Ireland is actually in the vanguard of the changes sweeping the world via technology, says BT Ireland CEO Colm O’Neill. Not only is it an international location for business, but O’Neill says having the household names in the global technology industry based in the country should be harnessed to drive change in terms of education, skills and lifestyles.
BT has a dual existence on the island of Ireland. On the one hand, it is the incumbent telecoms operator in Northern Ireland, where 90pc of homes are connected to a fibre cabinet, making it the most fibre-dense region in Europe. On the other, it competes as a licensed operator in the Republic of Ireland, where it has a core network that serves the business and government markets, as well as supporting other telecoms providers who serve consumers with broadband.
In the UK, BT is investing stg£2.5bn in fibre broadband and recently announced 1,000 new jobs at its Openreach business. The fibre network is already the largest in the UK, passing more than 13m premises and reaching an extra 100,000 homes and businesses every week.
One of the hallmarks of BT’s approach is how daring it is in terms of going the extra mile to reach into places that wouldn’t be traditionally considered accessible for state-of-the-art operators, and Irish policy-makers and other telcos would be wise to take note. For example, Rathlin Island, off the northern tip of Ireland, is to be the first location in Ireland and the UK to experience 80Mbps wireless-to-the-cabinet broadband technologies.
From O’Neill’s perspective, the world is undergoing a major transformation because of digital that has the potential to empower and enrich lives, culturally and economically. “I would split this transformation into two; what’s going on in the consumer’s life and the business and the implications they have for the future.
“In the consumer space, the big story of the last five years has been the growth of the device – this is having a massive impact on industry, and the profit has shifted from telecoms provider to the device manufacturers,” O’Neill said, referring to the proliferation of high-powered smartphones and tablet computers.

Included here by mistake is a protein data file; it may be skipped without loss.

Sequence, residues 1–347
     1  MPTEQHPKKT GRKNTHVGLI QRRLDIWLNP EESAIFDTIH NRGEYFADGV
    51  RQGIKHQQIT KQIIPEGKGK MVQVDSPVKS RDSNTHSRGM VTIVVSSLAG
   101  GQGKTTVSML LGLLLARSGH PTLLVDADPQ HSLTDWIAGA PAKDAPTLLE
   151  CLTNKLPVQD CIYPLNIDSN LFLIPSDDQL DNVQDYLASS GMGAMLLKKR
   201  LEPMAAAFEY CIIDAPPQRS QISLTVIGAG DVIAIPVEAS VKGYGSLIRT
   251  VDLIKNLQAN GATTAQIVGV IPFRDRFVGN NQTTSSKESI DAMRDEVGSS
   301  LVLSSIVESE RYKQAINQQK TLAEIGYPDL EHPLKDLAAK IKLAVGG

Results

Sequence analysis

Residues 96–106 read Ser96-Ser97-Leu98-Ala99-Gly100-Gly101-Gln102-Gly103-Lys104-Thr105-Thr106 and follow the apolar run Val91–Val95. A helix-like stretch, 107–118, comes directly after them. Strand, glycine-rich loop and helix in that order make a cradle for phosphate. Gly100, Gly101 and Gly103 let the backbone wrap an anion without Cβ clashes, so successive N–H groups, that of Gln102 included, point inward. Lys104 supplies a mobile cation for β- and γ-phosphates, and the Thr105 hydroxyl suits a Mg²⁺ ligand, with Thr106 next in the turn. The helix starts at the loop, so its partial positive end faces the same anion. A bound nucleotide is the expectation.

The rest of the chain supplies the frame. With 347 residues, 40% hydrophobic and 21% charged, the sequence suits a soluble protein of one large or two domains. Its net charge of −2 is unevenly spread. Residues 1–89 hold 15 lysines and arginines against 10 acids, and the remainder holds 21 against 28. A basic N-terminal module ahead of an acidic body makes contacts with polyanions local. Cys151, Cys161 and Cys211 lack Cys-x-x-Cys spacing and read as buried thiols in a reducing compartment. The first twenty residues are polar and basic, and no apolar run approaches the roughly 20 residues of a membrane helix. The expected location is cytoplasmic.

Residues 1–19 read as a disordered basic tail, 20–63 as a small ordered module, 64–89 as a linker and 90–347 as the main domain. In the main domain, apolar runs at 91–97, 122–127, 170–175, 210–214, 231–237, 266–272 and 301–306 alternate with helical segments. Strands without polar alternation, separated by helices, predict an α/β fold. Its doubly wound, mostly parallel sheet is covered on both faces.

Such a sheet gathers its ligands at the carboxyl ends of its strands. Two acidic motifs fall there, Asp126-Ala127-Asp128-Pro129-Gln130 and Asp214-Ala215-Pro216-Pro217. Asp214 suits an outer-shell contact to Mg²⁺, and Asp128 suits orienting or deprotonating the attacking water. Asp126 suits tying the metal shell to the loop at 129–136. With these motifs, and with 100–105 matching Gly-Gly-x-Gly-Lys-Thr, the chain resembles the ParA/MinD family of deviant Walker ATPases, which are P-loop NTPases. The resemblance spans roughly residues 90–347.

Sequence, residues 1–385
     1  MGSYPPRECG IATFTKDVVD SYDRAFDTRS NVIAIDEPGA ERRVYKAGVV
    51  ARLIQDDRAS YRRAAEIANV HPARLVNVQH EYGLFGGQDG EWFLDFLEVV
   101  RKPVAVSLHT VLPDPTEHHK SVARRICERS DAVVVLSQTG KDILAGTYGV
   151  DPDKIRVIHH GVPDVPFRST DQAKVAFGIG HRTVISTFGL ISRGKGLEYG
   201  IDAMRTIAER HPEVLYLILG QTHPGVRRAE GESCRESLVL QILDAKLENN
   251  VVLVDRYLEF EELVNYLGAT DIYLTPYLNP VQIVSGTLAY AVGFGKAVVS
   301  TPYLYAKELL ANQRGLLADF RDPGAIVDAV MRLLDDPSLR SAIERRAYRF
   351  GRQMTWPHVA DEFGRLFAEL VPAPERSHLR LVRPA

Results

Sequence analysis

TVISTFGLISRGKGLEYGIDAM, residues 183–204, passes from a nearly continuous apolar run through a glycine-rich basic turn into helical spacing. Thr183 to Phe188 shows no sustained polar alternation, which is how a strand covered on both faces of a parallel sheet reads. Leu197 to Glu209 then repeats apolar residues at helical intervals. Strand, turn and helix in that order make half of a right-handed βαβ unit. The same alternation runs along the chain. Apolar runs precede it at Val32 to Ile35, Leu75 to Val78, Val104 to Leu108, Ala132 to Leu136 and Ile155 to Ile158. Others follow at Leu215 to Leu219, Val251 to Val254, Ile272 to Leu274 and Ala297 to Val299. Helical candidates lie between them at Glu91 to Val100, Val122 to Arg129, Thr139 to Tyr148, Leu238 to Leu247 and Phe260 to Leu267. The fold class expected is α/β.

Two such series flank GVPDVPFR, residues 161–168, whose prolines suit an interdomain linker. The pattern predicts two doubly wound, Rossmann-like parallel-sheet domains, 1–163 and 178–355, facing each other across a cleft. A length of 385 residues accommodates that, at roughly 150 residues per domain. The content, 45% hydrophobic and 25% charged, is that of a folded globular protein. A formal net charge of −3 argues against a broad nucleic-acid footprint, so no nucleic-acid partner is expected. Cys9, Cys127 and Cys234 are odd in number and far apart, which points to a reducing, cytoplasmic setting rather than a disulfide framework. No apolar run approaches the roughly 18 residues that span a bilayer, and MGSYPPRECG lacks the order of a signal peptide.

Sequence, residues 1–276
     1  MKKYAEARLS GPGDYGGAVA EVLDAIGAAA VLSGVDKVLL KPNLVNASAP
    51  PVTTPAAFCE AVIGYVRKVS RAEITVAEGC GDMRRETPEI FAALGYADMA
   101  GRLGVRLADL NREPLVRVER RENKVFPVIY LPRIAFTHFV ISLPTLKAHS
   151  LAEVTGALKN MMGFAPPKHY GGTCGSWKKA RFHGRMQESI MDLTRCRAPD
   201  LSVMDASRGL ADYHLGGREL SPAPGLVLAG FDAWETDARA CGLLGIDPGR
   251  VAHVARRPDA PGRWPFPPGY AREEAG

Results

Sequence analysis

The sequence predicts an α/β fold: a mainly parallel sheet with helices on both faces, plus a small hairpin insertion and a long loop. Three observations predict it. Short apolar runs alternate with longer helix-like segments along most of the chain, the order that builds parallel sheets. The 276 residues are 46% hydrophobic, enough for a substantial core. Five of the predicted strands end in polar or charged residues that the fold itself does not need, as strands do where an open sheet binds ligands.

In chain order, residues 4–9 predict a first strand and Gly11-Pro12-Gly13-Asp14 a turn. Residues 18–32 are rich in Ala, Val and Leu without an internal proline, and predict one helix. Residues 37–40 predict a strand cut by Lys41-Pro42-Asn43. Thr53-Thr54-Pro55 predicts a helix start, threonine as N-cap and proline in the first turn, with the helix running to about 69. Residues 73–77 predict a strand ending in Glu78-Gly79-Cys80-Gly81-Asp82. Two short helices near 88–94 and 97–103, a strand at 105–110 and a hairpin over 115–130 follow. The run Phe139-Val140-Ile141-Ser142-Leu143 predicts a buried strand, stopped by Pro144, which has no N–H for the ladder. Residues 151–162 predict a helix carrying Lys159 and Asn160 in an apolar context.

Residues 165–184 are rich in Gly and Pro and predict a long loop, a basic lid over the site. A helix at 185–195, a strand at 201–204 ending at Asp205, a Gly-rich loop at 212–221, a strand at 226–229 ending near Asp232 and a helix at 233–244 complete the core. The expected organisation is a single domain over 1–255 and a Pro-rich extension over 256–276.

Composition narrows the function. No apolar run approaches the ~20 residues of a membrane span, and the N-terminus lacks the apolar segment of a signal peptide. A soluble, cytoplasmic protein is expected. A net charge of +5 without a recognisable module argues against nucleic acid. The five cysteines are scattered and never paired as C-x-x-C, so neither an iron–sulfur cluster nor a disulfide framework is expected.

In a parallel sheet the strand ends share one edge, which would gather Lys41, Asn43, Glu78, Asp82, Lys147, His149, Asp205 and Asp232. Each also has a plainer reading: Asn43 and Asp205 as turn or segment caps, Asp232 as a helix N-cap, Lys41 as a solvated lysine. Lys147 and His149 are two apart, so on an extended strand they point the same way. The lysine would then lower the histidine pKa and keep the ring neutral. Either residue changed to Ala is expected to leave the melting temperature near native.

He said the remarkable thing that is different is how people interact with technology. “The device has broken the barrier between tech savvy and non-tech savvy. We all say what a great achievement it is by a two-year-old to use an iPad. It’s not. It’s a great achievement by the designers of the technology. This extends right up to a 76-year-old mother who can intuitively pick up that device and use it. That has been the transformation in consumer tech.
“In business, the big transformation has been virtualisation. What that has done is it has decoupled systems from their physical hardware infrastructure. Typically, businesses had a system that ran on a server; that link has been broken forever, we just talk about systems as virtualised.”
O’Neill said Ireland had been slow to get off the blocks when it came to broadband. “But now we are seeing meaningful high-speed network rollouts for businesses and consumers. The next big question for the technology industry is, now that the people have the devices and they will have the networks, what will they do with that high-speed network?”
He believes the power of the networks will be transformative in terms of how we entertain ourselves, how we work, how we treat sick people.